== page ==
Completely smooth without any pattern.






The cap end has a dimpled tassie like other 75s, but the barrel end has a red plastic jewel reminiscent of the Parker T1.

There is quite a bit of controversy about this model. While a soft-tip Parker 75 was commercially sold, as seen in Parker advertisement like the one found in the December 1972 issue of National Geographic, there is some debate whether or not this fountain pen was sold. Some people say that this FP is really a home-brew model that was concocted by using the soft-tip cap and barrel and replacing it with the FP section. Others say that it does exist as an officially-released FP model.

Even among Parker salespeople during this time period that this author has had the pleasure to inquire give conflicting information. One states it definitely exists, while another has never sold it and is uncertain. The latter also raises the possibility that, if sold, this titanium FP may have been directed at the international marketplace.

Well folks, let me state that this is definitely a Parker 75 titanium FP and not a T-1 RB with the section replaced. Examination of the interior of the cap on this pen reveals that it has the cap clutch spring that is suitable for FP sections. It has 4 protruding fingers instead of the inner cylindrical sleeve of the RB. Thus, if you try to put the cap onto a plastic section for the felt-tip or rollerball, the cap does not seat properly.

Even more convincing, look at the clip and cap tassie. These are 75 clip and tassies. The same items on a T-1 are different in two important areas.

For a comparison between the T-1 and Titanium 75 FPs, click here.

As further proof of the existence of a titanium 75, we know that in 1972 Parker made a few very special versions were made that had barrel-mounted panels containing moon dust brought back by the Apollo 15 astronauts.

Here are several prototypes, numbers 15, 29,  38, and 39 of this model showing several differences from the production version.  Most notably, these had the early clip with the smaller arrowhead and flat tassies, even on the barrel. In one case the tassie has 3 stacked rings instead of the normal four.


Chicago Show 2001 Update

One Titanium 75 FP was placed on auction at the Chicago Pen Show 2001.  The final hammer price was $1600 which quickly balloons to $1730 when you throw in the buyers premium of 10% for the first $1000 plus 5% for the remaining amount beyond that.  If that absentee buyer was using PenBid services, throw another 10% on top of that to bring the total to a little over $1900 before shipping, handling, insurance, bank transfer fees.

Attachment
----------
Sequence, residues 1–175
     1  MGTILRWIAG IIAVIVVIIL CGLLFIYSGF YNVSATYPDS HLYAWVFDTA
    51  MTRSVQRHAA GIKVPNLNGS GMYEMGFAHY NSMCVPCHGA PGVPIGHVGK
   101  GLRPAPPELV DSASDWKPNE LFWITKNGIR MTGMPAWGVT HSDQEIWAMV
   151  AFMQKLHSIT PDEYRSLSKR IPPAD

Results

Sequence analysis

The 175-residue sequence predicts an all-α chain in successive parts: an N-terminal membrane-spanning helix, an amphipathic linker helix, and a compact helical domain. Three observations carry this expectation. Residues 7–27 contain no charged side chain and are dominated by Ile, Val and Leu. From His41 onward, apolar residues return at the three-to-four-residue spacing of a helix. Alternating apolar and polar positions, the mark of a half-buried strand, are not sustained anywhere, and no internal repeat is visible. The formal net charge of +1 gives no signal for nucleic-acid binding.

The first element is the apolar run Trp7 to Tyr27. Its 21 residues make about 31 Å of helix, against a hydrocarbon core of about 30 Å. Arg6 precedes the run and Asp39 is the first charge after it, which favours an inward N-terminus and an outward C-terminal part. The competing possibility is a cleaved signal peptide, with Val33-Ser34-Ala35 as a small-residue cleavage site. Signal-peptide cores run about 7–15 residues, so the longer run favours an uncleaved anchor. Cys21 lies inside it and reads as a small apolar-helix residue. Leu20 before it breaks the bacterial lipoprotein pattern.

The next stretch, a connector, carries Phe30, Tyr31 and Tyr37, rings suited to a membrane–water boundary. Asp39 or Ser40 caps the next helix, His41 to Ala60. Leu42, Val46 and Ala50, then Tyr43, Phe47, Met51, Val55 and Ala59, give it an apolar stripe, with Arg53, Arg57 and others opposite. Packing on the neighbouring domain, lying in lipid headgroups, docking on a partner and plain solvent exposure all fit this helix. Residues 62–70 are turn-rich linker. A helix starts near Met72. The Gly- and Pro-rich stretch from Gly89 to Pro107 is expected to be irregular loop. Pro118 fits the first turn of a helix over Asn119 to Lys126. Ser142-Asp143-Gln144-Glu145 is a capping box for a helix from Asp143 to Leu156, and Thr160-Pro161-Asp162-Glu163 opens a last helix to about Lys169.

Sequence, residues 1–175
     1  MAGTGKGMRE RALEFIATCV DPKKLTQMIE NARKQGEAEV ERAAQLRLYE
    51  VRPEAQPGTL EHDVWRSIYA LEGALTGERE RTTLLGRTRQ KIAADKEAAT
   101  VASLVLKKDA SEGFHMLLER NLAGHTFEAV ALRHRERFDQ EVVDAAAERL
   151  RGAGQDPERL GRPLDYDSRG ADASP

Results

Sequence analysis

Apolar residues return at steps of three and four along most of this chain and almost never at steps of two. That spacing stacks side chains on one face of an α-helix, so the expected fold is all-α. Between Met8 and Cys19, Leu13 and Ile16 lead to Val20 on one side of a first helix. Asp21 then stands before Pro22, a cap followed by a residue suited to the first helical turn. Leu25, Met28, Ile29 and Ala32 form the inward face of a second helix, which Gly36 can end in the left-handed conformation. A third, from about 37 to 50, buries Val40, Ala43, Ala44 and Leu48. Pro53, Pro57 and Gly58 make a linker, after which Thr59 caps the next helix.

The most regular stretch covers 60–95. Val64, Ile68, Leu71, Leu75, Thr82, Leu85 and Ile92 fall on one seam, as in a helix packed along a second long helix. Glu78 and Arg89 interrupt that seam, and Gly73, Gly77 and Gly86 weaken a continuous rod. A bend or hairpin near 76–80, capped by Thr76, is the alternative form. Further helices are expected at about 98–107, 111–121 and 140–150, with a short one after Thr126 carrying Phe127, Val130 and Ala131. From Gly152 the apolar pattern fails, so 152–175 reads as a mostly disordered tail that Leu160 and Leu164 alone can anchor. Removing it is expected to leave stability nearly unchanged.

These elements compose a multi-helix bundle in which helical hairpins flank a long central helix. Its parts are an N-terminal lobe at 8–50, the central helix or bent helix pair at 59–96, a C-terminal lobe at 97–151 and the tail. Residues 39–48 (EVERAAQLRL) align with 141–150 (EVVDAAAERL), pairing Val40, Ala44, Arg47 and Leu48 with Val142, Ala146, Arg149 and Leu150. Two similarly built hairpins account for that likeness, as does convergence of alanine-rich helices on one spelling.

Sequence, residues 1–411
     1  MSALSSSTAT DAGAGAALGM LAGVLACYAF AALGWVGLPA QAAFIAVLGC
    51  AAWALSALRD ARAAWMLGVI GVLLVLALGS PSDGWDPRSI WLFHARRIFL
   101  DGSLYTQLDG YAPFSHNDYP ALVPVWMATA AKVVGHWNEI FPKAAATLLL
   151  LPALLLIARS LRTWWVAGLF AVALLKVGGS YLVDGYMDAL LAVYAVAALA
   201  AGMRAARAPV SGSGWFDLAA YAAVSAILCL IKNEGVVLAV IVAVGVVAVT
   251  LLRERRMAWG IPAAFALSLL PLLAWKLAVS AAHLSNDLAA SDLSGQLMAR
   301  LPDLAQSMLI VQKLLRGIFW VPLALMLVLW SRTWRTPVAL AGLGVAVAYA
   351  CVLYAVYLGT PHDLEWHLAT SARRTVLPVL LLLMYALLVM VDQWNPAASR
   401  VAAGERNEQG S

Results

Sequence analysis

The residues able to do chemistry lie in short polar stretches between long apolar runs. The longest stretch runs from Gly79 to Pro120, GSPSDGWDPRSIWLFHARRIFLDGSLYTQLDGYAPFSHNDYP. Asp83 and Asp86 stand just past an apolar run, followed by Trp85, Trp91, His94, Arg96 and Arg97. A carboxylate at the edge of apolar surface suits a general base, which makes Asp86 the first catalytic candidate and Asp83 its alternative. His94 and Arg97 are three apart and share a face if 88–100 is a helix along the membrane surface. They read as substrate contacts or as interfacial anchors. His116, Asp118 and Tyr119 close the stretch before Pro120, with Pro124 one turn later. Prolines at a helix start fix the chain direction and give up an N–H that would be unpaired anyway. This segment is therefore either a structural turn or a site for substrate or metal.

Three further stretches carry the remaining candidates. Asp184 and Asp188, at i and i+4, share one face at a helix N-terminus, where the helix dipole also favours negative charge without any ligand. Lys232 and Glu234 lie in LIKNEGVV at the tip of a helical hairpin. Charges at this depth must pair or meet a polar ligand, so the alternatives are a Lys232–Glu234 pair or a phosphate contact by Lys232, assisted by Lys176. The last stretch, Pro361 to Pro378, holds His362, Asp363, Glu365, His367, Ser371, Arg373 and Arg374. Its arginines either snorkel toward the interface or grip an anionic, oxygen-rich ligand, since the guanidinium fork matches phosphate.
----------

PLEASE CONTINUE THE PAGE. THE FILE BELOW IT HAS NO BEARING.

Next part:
August 17, 2001

The titanium 75 pictured in the National Geographic advertisement of December 1972 caused quite a bit of discussion between contributors Eric Fonville, Saul Davis, and myself.  If you look closely at the hi-res image and carefully examine the clip and tassie of the titanium felt-tip pen, you will notice that these two are not the clip and tassie belonging to the 75.  Instead these are from the failed Parker T-1 which Parker stopped selling in 1971.

Our theory is that Parker would simply renamed this T-1 soft-tip as a 75 pen, perhaps to improve the chances of selling them by associating them with the more successful family.  In this way they could recoup the investment in titanium pen parts inventory.  

Furthermore, chances are good that they ran out of the titanium soft-tip section pictured above and then used the familiar 75 soft-tip section.  But in order to do this Parker needed to replace the inner cap so that the pen could be closed.  The titanium section had gripping prongs as you can see in the picture, something that was missing from the plastic 75 soft-tip section.

Based on the timing of this ad which appeared after the demise of the T-1, we now believe that Parker never sold a soft-tip T-1 with the plastic 75 section.  This belief runs counter to the sketch by Fred Plewa on titanium pens that appeared in a Pen World issue.  Such a soft-tip would clearly be labeled as a titanium 75 soft-tip.


Update of December 22, 2001

Here are pictures of an actual titanium 75 felt-tip pen with its packaging.

What is really interesting about this are the papers that accompany the package.  These papers refer that this item is both a 75 and T-1.  It is likely that Parker found it expedient to include both, but the significance of this is that it shows the transition that the pen made from the discontinued T-1 to the popular 75 family.

The date of the paper referring this pen as a 75 felt-tip is June 1972, so we get an approximate idea of when Parker made this transition.  This is consistent with the fact that the T-1 was discontinued in late 1971 or maybe even early 1972.  The T-1 brochure accompanying this pen has a print date of August 1971 so it was printed rather late in the life cycle.  My guess is that Parker hadn't decided to kill the product at the time of printing this brochure.